My Favorite Things: Upper Body Exercises

In keeping with the theme of my favorite things for the beginning of this week I am going to share some of my favorite upper body exercises.  Many people often think that as runners we do not need to work our upper body.  However, a weak upper body can lead to poor form, especially as you get tired.  By keeping your entire body strong you will see improvements across the board with your running.  Plus, who doesn’t love having toned arms?!

Curls/Reverse Curls:

This simple workout will work both your biceps and triceps.  With any upper body exercise it is always important that you keep your core and shoulders nice and steady.  Never lean or swing your shoulders.  Make sure all of the work comes from the muscles you are focusing on.  Aim for light to medium weights and longer reps around 20x each exercise to work on toning and not bulking up those muscles.  Heavier weights with fewer reps are meant to build up  muscles which is the opposite of what we are looking for.  We want the tone but not the extra heft to carry around for miles!

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Rows/Shoulder Press:

This is a great combination that gets into the upper back and shoulders.  Many runners tend to either fall forward or hike up their shoulders as they tire.  By working these muscles you will find that you can maintain proper running form longer.  By doing these in combination you will find that you can effectively work and exhaust both muscle groups well.  I like to do 20-30 reps of each, one after the other.  Begin your rows by slightly hinging forward from the hips and pull in your abdominals.  Lift your arm up with your elbow pointing to the ceiling and slowly bring back down.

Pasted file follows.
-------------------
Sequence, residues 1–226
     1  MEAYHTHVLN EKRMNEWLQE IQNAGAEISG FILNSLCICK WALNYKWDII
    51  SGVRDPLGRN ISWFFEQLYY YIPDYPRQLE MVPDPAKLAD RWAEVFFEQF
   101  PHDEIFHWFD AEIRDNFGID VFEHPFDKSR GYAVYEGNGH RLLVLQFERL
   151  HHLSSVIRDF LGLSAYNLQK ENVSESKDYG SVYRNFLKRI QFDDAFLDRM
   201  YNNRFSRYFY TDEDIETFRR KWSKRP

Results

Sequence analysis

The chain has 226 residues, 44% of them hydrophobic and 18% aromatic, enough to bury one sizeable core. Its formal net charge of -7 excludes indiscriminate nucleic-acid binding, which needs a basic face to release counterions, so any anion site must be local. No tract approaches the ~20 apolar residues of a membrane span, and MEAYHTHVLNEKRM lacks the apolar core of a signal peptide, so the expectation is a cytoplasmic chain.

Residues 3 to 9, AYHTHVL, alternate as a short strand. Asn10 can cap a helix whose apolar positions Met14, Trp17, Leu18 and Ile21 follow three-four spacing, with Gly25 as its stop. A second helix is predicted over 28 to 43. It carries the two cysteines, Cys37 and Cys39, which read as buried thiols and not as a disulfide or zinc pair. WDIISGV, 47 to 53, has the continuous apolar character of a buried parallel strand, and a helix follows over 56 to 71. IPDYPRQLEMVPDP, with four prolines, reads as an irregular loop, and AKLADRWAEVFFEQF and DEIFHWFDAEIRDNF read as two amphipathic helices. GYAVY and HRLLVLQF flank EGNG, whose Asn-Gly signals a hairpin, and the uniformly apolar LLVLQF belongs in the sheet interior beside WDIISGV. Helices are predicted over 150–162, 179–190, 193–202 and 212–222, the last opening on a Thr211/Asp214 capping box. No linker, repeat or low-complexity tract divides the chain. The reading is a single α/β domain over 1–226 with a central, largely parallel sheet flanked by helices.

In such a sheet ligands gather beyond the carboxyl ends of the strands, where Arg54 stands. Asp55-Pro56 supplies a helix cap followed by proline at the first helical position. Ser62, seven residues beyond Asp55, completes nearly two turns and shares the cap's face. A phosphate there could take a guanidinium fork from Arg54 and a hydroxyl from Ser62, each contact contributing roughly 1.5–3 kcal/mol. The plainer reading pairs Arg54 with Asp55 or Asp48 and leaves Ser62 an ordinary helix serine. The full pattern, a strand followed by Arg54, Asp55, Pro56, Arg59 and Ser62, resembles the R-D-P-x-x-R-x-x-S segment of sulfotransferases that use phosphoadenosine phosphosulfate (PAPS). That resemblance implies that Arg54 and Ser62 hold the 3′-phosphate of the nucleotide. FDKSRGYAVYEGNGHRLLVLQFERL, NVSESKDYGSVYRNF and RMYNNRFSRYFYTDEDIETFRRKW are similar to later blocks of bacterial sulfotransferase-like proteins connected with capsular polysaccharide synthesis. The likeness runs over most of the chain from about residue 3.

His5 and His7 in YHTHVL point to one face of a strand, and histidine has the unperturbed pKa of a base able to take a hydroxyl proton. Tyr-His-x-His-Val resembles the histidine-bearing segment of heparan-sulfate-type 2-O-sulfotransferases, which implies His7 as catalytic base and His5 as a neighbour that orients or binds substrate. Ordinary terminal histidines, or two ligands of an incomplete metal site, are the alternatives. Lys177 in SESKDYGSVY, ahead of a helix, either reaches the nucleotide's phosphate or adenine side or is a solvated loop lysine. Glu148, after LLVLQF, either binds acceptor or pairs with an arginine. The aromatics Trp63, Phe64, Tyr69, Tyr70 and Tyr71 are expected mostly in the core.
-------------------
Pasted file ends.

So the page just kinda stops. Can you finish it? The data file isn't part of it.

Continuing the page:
I recommend starting shoulder presses on a weight bench or a chair for back support.  Start with the weights at shoulder/ear level with your palms facing out away from you.  Lift both weights up and above your head to touch and then back down to starting position.  Anytime you do any exercise that involves the shoulders you should take your time and focus.  The shoulders are the most susceptible joint to injure and it is important to never over load them.

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Armpit Squeezes:

I do this one mostly for vanity’s sake.  This exercise gets into that armpit flab that ails me no matter what I do.  However, it also works your chest muscles which will help balance out your upper back muscles.  All you have to do is hold two weights about six inches away from your chest.  Press them together and use a squeezing motion.  You will feel your pectoral muscles contracting.  This is a good exercise to do larger repetitions with (see if you can do 50!).  Aim to do one or two sets until exhaustion.  Make sure you keep your back up straight and elbows pointing out!

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A recycled pic. I forgot to take a few new ones.

 

Paddy Cakes:

This is another favorite of mine.  This works your armpits, shoulders, back, and biceps.  Hold two weights just as you would for arm pit squeezes.  Lift one weight on top of the other and lower your bottom hand.  Then bring your bottom weight above the other and continue to repeat.  It looks somewhat like you are climbing a rope or a ladder.  20-30 repetitions should do the trick. Aim for 3-5 sets and you will feel that good burn!

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My Favorite Things: Leg Exercises

Last week I discussed the value of adding a good strengthening workout to your weekly training.  Strengthening your legs is so valuable for your running and a great way to mix up your winter workouts.  Our legs are large and powerful muscle groups which also means that when we work them out we get a great metabolic boost.  So not only do these workouts make you a stronger and healthier runner but you can add in a great calorie blast too!